- Consider embedding reviews directly from your review platforms using embed codes, review platform tools, or site customizations. What’s nice about these embeds is that they’re often automatically updated and refreshed.
- Add a scrolling banner section that features quotes from your testimonials and reviews (include names and photographs where possible). I like the homepage—near the top—as a nice spot for these.
- Create a dedicated reviews and testimonials page that presents your most impactful reviews in an engaging way (your “trophy case,” so to speak). However, give this page some structure and context (supporting headers and copy), instead of just providing a flat list of reviews for a patient to sort through.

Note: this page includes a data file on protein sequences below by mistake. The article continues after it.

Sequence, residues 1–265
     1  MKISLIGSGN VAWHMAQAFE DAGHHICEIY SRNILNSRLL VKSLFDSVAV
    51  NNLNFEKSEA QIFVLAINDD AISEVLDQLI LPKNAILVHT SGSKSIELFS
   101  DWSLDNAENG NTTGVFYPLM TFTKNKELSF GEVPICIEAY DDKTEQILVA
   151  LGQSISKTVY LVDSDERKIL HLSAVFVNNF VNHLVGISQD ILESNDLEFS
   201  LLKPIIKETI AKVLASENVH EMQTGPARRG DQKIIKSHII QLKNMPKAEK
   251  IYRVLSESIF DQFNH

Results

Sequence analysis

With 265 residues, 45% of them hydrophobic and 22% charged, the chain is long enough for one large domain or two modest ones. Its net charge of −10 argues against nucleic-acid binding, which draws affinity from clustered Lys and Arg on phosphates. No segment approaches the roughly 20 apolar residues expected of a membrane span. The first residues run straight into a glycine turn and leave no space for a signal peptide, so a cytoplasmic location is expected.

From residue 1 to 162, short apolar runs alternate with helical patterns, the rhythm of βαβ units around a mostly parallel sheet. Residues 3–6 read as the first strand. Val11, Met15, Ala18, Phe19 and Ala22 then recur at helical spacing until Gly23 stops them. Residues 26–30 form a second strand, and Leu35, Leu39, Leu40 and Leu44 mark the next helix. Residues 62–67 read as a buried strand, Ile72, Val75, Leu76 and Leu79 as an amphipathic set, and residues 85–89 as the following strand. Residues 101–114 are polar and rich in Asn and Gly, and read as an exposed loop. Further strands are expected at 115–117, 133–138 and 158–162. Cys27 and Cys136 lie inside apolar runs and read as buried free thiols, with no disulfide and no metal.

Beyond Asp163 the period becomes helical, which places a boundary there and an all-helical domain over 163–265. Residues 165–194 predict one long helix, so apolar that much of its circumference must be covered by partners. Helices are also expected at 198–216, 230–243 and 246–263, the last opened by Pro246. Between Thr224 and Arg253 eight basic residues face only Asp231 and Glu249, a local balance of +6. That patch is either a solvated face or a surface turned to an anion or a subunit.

- Consider putting together video testimonials, one of the most potent reviews you can get (more on this later).
While it may seem overboard to include reviews and your ratings across your entire website, alongside a dedicated testimonials page, remember this: prospective patients find and arrive at your site pages from many different places. The homepage isn’t always the entry point! But wherever your patients land on your site, they need to immediately see that you’re an experienced and reputable provider of choice.
This tip takes a page right out of Branding 101. Are we suggesting that you print beer koozies and keychains with your logo and five-star rating on them? Not entirely appropriate for healthcare consumers. But you might consider adding your composite ratings—especially official “five-star” recognition from companies like Google and Yelp—to patient, partner, and client communications.
You might have seen these badges around the web, or even pasted onto the front door of brick-and-mortar businesses in your area. Here’s a good example of a review badge from Yelp: